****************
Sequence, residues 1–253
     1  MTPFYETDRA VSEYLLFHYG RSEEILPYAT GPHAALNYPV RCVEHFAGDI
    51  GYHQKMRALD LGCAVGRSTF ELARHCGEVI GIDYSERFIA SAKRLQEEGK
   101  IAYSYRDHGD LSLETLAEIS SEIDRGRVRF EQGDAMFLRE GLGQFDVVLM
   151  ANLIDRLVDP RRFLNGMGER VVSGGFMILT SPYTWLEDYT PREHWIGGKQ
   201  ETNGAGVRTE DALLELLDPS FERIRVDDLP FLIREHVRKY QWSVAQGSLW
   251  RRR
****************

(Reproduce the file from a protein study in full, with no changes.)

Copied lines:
Sequence, residues 1–253
     1  MTPFYETDRA VSEYLLFHYG RSEEILPYAT GPHAALNYPV RCVEHFAGDI
    51  GYHQKMRALD LGCAVGRSTF ELARHCGEVI GIDYSERFIA SAKRLQEEGK
   101  IAYSYRDHGD LSLETLAEIS SEIDRGRVRF EQGDAMFLRE GLGQFDVVLM
   151  ANLIDRLVDP RRFLNGMGER VVSGGFMILT SPYTWLEDYT PREHWIGGKQ
   201  ETNGAGVRTE DALLELLDPS FERIRVDDLP FLIREHVRKY QWSVAQGSLW
   251  RRR